The stage is set in one of the most iconic “end of the world” movie scenes: Citizens of New York City are scrambling on top of taxis, quickly attempting to escape the slow-moving giant tsunami heading their way. In the rear-view mirror of a bus, a giant wave can be seen rushing up the narrow city grid. Searching for higher ground, the main characters, Sam and Laura, run up the famed stairs into the famed New York Public Library, and just as the revolving doors shut behind them, the pressure of the water smashes the windows, and water begins to rise. Without seeing it, we know that New York City and its iconic architecture will soon be destroyed.
“The Day After Tomorrow”, which was released in 2004, is based on the book The Coming Global Superstorm by Art Bell and Whitley Strieber, and tells the stories of the potentially catastrophic effects of climate change that could occur if we ignore the warnings of our scientists. The result is a variety of extreme weather on a scale never seen before followed by global cooling and an eventual new ice age.
New York City, and other places around the world, including Los Angeles, Tokyo, London, and Paris, are not spared from destruction for our cinematic enjoyment. “The Day After Tomorrow”, isn’t the first instance in which The Big Apple experiences devastation, and it certainly won’t be the last. Whether it be a natural disaster, meteor strike, alien invasion, or a takeover by a giant, unstoppable creature, there’s something about watching a city and its monuments get destroyed that we find enjoyable. As we watch the worst-case scenarios play out on screen, we imagine a world in which our biggest threats feel exaggerated and nearly impossible- but there’s always a lingering thought of “what if?” which makes us long for this genre of film.
Famous film moments: "King Kong" (1933) #ESBirthday pic.twitter.com/WEfc46HFxL— Empire State Building (@EmpireStateBldg) April 19, 2019
So why do we enjoy watching cities get destroyed? The answer is rooted in psychological principles first suggested by Sigmund Freud who discovered that there’s a small element of pleasure when it comes to watching your worst fears hypothetically come true. Replaying images of tsunamis destroying cities, aliens invading our globe, and other destructive events gives our minds the power to control the imaginative aspects behind these happenings. Dystopian films often have an underlying theme of social criticism and commentary- giving us an exaggerated warning that if we don’t take action towards something, then this may be the outcome. It gives real threats a sense of fantasy. If we don’t take steps toward stopping climate change will New York City freeze over? If we unleash apes on San Francisco as the cast did in "Planet of the Apes", will bridges burn and eventual civilization collapse? Who knows- but seeing places we are familiar with, and even live in, come to a sudden end causes our minds to want to take immediate control over the situation. Additionally, watching some of our greatest governmental institutions and icons that represent our nation’s ideals, like the head of the Statue of Liberty rolling down the street or the obliteration of parliament buildings gives the sense that civilization will soon come to an end.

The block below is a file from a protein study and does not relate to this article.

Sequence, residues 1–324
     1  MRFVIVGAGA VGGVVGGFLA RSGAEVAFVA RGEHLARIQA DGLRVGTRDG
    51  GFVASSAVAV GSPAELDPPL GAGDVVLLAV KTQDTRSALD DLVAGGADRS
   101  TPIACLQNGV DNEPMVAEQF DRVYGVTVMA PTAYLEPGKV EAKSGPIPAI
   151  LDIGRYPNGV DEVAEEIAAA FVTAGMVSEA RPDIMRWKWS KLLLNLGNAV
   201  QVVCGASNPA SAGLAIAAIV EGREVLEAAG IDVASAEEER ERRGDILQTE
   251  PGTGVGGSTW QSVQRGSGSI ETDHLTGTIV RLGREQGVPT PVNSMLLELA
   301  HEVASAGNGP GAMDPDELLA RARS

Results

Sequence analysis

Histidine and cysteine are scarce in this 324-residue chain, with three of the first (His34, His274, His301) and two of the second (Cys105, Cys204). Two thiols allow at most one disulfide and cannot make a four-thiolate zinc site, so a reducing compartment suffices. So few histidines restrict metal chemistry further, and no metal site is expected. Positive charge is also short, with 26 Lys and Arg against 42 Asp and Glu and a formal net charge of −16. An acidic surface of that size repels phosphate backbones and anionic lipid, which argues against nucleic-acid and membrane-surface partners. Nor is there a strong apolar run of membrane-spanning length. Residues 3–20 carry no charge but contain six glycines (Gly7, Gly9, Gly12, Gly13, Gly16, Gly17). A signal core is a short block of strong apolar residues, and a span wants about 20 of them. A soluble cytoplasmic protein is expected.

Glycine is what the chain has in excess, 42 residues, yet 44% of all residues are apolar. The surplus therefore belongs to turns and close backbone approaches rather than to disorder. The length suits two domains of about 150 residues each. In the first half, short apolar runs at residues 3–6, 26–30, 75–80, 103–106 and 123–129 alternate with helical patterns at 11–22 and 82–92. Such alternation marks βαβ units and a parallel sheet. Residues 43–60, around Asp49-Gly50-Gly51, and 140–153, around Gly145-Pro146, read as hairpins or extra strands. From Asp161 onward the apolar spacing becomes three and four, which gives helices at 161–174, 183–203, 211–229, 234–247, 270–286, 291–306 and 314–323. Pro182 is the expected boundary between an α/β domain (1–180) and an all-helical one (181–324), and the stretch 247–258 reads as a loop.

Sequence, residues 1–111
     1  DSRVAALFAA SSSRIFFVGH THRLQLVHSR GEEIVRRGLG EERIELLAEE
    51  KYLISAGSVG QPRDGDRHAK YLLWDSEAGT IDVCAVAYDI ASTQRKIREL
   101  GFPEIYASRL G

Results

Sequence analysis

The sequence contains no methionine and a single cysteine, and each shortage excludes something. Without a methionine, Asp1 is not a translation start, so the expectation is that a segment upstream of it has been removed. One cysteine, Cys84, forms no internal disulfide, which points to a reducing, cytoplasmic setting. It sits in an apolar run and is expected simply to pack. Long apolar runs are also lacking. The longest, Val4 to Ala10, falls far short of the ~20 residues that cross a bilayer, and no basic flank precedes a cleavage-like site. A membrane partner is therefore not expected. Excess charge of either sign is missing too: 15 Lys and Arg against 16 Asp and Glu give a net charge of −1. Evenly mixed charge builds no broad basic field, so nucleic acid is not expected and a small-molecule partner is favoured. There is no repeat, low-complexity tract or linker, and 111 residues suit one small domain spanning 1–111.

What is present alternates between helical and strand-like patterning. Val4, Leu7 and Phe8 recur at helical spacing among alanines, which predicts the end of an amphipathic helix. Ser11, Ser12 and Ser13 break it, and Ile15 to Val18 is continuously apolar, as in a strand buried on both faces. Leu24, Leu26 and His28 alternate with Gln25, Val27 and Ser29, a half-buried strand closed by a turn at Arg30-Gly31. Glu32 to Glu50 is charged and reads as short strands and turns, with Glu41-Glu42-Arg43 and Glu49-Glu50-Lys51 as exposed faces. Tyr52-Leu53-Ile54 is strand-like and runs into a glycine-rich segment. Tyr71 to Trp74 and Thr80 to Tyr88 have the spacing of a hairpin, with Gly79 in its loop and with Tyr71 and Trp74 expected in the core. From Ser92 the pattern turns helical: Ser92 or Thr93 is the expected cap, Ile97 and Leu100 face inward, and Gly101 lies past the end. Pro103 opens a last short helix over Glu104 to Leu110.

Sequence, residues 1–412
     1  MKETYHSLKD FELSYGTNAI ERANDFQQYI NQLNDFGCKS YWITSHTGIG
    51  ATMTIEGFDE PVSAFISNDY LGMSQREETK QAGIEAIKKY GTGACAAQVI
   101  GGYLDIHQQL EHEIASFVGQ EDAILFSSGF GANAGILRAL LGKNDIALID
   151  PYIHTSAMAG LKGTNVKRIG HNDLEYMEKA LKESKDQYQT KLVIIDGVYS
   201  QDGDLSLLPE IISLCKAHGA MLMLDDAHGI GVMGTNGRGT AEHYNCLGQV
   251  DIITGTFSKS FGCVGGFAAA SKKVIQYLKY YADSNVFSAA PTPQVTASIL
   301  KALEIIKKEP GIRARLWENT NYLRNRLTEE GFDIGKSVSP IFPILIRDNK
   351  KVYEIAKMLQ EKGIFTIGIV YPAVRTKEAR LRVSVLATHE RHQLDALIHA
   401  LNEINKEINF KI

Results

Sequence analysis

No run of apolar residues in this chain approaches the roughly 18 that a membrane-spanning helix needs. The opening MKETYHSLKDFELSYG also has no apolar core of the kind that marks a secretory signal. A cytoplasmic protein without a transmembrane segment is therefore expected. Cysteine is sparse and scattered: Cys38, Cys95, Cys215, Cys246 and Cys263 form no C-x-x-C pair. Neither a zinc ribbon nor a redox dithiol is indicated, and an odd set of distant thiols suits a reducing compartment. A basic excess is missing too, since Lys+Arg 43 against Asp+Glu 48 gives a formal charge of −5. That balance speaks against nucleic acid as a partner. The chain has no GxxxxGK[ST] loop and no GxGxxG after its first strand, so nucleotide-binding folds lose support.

In 1952, upon the release of “Godzilla”, moviegoers reported being so terrified of the scenes in which the giant reptilian monster destroyed Tokyo that they ran out of the movie theater screaming. However, it was still an extremely popular film for a nation that was recovering from having two of its major cities destroyed by nuclear attacks in World War II only a decade prior. What has been lost in the evolution of "Godzilla" and its destructive path is the original, strong anti-nuclear message that the director wanted to project to Japan as it continued its long road to recovery. The writers also had ideas about modernity, technology, and science as they related to the outside world, especially leaning on an Anti-American mindset. The destruction of Tokyo was a metaphor for how "Godzilla" was both a blessing and a curse- and that the influence of the west could give the nation an opportunity to rebuild on their own terms.
“The Day After Tomorrow” ends in a final dramatic scene- after survivors are rescued from the frozen rooftops of NYC’s towers, two astronauts are seen peering from the window of the International Space Station, looking down at Earth’s northern hemisphere which is covered in a blanket of ice. One says to the other, “Have you ever seen the air so clear?”- a pointed line that suggests the cause of this global disaster was our own doing, and our unchecked impact of pollution. This film, and others, don't just completely destroy the world for the thrill of it, but they often heed us a warning, that we might want to act now before we’re no longer able to live in the cities we build.
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